re we beginning to see a paradigm shift in economic thinking? If so, it will come none too soon.
On both sides of the Atlantic, the economic signals are far from comforting. Uncertainty reigns supreme, as recent stock market ups and downs suggest. The U.S. economy is growing very slowly, and the recession is clearly far from over. Things look even more dismal in Europe and Japan. Most European economies have shrunk and even Germany’s growth rates have come down sharply and now stand in negative territory. There are precious few signals that these negative trends will soon be reversed.
Investments in new plants and equipment have fallen sharply and continue to shrink in the industrialized countries. Over the last seven years, new investments in industry have fallen by two thirds in the EU and Japan, and only marginally less in the U.S. In the housing and office-building sector, the collapse has been even sharper. Unemployment remains high and is probably still on an upward curve. Joblessness is now a pressing social and political problem in many once-prosperous societies.
In the meantime, the austerity measures implemented by European governments have blocked any short-term economic revival hopes. Everywhere, purchasing power has plummeted because of the unprecedented soaring commodity and raw material prices of the last decade. Restrictive European fiscal policies have further squelched demand for consumer goods and helped precipitate a decline in industrial production.
New car sales are a prime example. Automotive sales have contracted sharply, especially in Europe and Japan. Demand for new homes is also at an historical low, and there are no signals of any real long-term recovery soon.
The recession has also had a severely negative impact on the banking sector. Demand for credit has fallen well below expectations, further weakening bank balance sheets. The case of the Italian bank Monte dei Paschi di Siena, much in the news recently, points to a further problem. Monte dei Paschi’s recently revealed losses reflect the high price it paid when it purchased Antonveneta bank from the Spanish bank Santander in 2008. The price reflected a typical over-valuation that banks attached to their assets in the late 1990s, a period of large and costly bank mergers and acquisitions. Today, banks can no longer casually assign highly inflated prices to assets whose value has sharply deflated with the recession.
On another front, rising energy and food prices now absorb the lion’s share of disposable incomes for many. These rising costs, particularly painful to those in lower income brackets, are at the root of the growing income differentials that have characterized national economies over the last decade.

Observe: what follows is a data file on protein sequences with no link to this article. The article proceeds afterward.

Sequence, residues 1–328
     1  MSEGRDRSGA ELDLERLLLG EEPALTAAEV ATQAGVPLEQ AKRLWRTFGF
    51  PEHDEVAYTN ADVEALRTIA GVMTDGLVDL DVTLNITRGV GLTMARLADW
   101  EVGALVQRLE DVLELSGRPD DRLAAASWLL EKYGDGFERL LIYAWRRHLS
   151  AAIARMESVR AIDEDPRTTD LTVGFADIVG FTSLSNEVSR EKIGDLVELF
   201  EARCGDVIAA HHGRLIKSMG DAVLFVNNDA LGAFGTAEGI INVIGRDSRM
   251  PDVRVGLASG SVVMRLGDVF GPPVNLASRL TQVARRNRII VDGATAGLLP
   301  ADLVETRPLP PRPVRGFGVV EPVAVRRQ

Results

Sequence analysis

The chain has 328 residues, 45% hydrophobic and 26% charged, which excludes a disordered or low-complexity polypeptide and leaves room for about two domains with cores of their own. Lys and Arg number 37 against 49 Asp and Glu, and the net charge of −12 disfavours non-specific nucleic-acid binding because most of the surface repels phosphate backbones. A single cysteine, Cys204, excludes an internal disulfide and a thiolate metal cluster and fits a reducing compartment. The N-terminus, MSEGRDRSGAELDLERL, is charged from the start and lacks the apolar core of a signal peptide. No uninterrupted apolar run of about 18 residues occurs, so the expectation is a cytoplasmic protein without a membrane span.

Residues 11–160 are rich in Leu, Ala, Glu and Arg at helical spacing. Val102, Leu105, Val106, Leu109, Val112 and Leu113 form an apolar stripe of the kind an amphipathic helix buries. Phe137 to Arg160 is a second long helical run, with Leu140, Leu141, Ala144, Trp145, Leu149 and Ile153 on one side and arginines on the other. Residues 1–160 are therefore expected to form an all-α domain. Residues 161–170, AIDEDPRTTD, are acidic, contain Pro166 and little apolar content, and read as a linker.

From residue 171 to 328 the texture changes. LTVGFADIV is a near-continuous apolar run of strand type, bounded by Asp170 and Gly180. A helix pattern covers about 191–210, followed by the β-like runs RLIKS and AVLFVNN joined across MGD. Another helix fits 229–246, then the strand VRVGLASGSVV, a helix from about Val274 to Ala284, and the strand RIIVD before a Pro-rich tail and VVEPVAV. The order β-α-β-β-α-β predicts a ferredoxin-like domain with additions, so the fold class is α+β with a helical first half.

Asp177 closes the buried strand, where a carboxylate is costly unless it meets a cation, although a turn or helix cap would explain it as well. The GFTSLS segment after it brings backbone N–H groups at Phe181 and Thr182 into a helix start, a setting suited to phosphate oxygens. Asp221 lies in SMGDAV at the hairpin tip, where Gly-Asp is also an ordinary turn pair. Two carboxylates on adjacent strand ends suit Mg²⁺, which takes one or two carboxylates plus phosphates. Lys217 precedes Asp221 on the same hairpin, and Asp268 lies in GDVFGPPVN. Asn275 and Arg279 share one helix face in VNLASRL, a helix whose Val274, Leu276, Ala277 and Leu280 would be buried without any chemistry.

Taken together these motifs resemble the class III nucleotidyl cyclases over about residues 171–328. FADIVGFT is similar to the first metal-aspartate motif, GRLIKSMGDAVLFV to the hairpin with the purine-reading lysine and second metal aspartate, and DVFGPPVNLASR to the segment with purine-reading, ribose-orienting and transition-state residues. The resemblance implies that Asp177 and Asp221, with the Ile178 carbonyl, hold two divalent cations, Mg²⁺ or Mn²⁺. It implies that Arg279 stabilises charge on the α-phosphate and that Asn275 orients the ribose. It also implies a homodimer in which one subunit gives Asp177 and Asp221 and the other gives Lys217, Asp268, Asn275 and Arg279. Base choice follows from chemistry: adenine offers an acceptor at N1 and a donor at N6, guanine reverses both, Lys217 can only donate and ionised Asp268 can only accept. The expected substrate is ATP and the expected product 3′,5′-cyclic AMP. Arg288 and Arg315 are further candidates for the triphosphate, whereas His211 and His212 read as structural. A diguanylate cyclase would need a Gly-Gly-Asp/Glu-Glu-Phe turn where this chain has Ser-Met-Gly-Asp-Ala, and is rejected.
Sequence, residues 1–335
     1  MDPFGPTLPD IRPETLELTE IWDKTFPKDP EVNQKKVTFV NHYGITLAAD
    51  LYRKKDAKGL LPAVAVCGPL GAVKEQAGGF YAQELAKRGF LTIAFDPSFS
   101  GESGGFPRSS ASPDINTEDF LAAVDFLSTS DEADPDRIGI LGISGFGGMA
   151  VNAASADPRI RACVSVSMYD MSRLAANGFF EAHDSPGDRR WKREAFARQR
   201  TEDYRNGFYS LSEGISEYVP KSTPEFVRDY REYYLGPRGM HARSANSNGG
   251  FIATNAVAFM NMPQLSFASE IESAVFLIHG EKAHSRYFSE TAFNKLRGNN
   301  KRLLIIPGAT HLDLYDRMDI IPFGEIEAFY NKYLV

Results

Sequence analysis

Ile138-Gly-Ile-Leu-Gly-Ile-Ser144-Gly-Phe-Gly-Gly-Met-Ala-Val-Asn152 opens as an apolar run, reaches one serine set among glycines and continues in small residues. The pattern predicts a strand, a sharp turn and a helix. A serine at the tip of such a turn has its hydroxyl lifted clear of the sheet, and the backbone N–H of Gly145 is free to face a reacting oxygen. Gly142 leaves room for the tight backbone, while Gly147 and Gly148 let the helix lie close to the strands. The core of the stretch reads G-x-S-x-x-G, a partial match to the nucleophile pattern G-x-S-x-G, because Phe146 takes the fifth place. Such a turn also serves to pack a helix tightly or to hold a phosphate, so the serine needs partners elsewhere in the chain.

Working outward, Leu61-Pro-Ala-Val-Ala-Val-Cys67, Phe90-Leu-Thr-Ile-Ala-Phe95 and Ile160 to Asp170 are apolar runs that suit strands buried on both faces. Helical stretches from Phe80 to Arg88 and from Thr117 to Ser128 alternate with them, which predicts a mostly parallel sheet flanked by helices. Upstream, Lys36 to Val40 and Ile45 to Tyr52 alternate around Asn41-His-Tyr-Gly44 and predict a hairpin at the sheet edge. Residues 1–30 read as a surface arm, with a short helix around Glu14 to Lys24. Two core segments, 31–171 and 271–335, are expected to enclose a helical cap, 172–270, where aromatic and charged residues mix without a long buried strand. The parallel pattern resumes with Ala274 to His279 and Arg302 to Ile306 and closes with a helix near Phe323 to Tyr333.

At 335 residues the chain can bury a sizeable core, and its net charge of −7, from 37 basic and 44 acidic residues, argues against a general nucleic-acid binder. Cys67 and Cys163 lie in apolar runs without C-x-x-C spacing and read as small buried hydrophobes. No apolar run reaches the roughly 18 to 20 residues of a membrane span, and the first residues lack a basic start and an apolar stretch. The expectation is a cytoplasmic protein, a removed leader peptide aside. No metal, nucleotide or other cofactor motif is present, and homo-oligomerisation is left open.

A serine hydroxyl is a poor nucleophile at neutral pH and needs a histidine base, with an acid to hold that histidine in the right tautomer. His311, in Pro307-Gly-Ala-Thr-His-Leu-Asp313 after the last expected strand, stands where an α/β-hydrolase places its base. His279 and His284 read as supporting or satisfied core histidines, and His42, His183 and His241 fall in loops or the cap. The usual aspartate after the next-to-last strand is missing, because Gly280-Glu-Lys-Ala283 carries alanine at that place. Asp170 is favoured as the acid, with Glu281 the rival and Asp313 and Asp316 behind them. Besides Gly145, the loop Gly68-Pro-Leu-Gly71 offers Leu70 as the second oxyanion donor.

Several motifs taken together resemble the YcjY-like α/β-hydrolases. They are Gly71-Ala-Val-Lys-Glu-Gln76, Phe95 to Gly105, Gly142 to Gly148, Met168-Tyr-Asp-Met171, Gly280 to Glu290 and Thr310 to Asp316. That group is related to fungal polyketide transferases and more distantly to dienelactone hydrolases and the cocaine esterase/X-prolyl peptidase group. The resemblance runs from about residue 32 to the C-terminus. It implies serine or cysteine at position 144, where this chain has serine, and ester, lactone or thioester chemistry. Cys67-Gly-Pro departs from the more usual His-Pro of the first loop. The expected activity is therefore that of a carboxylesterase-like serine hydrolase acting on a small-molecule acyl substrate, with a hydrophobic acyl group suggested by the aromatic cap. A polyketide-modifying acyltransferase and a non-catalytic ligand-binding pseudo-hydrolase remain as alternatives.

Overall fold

But conservative economists and central banks — still obsessed as they are by the fear of a growing and supposedly unmanageable public debt — continue to downplay if not ignore this huge and dramatic fall in purchasing power.
It’s a very static vision. Just as generals are said to be forever fighting the last war, so consensus economists, experts, and financial institutions are busily fighting the effects of the expansionary policies of the 1970s and 1980s — while completely ignoring the causes and possible remedies of the ongoing crisis.
In the next few weeks, two small euro zone countries, Cyprus and Slovenia may, risk a possible financial debacle, possibly the first step toward a new euro crisis that could spread to less marginal countries such as Spain and Portugal, and perhaps even to Italy. Should this happen, we can expect a new round of vociferous and contentious negotiations on the role of the European Central Bank. What could eventually emerge out of this, however, is a further strengthening of the European Central Bank, which might finally be authorized to operate as a real central bank, creating money in way not too dissimilar to the U.S. Federal Reserve.
A small but hopeful sign that the consensus may be shifting was the recent decision by the Obama Administration to sue the rating agency Standard & Poor’s for having contributed to the financial crisis of 2007 by misreporting the worth of banks’ mortgage-linked securities and for its incestuous relations with those same banks. The $5 billion in damages sought by the U.S. in the suit is only part of what the credit rating agency will be asked to pay in compensation, since several state attorney generals have also announced they will file suit against S&P. Beyond any compensation, though, the lawsuit opens the possibility that rating agencies will have to become fully answerable for their reporting, and that new regulatory mechanisms will be put in place to enforce their responsibility.
The repercussions, not only in the U.S. but also in Europe, could run deep.